Colorado Mountain College President Carrie Hauser is living her dream job
Grand Junction Sentinel
Carrie Besnette Hauser considers her position as president of Colorado Mountain College to be a dream job.
“I’ve described it as a confluence, using a river term,” says the longtime river-running enthusiast. “It’s in Colorado, which I love. It’s the mountains, and it’s college.”
Hauser has embraced all three words in the name of Colorado Mountain College, which stretches across much of the state’s central mountain region, including Garfield, Pitkin and Eagle counties.
This summer, though, she celebrated a particular accomplishment regarding that middle word, “mountain,” achieving a new milestone in her avocation as a mountaineer by summiting the iconic and glaciated 14,410-foot-high Mount Rainier in Washington state.
It follows other climbing successes that include summiting 56 14,000-foot peaks in Colorado, and 19,340-foot Mount Kilimanjaro, the highest point in Africa. She also has trekked to Mount Everest base camp, at some 17,600 feet in Nepal.
Meanwhile, Hauser recently rose to prominence of a different sort, voted by the Colorado Wildlife Commission to serve as its chair until 2023. Her new position comes at a particularly pivotal time for the commission and CPW as they work to implement a measure approved by voters last year requiring wolves to be restored to western Colorado starting no later than the end of 2023.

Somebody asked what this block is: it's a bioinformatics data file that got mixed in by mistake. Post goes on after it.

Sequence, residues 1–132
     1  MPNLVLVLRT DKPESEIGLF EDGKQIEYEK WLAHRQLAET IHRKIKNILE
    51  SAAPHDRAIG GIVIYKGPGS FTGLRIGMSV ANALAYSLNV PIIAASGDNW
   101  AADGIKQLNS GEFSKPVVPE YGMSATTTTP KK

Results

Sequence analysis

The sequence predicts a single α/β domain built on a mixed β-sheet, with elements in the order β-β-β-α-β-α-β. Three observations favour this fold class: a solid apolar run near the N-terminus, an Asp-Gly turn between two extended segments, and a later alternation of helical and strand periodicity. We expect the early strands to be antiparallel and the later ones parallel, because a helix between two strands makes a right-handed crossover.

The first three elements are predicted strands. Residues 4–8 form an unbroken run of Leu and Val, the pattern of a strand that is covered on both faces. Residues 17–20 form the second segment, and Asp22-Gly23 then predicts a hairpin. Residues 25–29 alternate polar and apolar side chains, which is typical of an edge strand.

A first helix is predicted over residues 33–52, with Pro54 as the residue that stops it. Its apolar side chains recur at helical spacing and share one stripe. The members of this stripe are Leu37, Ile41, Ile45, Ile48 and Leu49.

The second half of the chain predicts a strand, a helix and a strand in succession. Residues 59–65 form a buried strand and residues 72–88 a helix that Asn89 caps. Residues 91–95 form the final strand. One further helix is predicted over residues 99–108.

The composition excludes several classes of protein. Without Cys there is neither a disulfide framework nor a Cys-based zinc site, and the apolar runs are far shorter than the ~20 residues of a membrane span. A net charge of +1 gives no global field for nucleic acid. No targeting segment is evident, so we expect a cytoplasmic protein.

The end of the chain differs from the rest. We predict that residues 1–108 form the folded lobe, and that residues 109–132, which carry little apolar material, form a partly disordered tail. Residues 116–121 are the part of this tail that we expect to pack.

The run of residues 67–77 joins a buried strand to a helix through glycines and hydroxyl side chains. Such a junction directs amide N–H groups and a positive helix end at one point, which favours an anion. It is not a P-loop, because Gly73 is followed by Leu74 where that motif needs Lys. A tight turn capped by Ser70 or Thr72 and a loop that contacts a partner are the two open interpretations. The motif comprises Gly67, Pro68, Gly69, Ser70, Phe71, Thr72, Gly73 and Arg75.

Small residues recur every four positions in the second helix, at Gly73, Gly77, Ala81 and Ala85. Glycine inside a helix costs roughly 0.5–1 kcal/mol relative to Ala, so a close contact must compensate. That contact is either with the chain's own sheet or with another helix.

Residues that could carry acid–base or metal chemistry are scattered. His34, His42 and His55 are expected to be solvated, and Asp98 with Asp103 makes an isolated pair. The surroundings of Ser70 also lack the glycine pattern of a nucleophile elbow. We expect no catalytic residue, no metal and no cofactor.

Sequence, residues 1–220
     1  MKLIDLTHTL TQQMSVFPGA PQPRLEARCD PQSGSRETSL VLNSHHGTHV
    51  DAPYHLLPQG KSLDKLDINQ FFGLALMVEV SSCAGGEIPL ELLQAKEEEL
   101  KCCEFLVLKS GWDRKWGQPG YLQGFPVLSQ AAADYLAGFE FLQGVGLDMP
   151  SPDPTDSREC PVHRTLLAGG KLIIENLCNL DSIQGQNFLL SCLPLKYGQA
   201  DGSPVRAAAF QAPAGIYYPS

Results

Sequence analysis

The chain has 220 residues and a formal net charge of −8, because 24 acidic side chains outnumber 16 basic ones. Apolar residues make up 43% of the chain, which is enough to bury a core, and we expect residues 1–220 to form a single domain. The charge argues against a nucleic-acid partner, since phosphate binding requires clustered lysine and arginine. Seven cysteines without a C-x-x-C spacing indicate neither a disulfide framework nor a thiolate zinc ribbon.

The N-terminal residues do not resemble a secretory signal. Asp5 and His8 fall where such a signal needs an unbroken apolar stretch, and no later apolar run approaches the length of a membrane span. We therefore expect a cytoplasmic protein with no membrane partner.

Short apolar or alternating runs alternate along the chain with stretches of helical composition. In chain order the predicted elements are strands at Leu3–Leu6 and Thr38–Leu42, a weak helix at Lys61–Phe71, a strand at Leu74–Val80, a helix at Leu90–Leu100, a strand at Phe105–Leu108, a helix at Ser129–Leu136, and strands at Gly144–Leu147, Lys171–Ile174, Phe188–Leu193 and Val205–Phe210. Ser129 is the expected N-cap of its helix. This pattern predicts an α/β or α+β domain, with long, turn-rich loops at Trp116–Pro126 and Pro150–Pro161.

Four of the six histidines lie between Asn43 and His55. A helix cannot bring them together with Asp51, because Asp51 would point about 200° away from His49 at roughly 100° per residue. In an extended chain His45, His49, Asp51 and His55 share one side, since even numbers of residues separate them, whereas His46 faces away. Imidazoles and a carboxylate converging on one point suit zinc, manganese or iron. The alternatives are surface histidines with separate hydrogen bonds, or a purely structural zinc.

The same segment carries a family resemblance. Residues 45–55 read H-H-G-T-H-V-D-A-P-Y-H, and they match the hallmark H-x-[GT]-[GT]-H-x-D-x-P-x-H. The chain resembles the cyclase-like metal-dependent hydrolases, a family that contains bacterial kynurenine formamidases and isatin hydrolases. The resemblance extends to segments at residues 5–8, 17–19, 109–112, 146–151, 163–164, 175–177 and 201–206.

“As much as it is a significant time commitment, I felt like during this year it was important for the Western Slope that a person from the Western Slope be a chair for the commission,” she said.
Hauser also has played a leadership role on another statewide issue of note, having been involved in efforts to bring the Olympic Games to Colorado.
It’s yet another reflection of someone with a longtime interest in outdoors and sports carrying those passions forward in her professional life and service to community.
Rabid about rapids
Even before Hauser became a gym rat in high school as a serious basketball and volleyball player, she was a river rat on the Colorado River. When growing up in Flagstaff, Arizona, her dad would take her on Grand Canyon hikes down to the Colorado River.
“Then he took me on a river trip when I was 12 or so, and I was totally hooked,” she said.
She later began working for Grand Canyon river-running company Hatch River Expeditions as a swamper, an entry-level worker who cooked, tended to porta-potties, led hikes, and on occasion rowed or drove boats.
“I just wanted to be in the Grand. That was all I wanted to do,” Hauser said.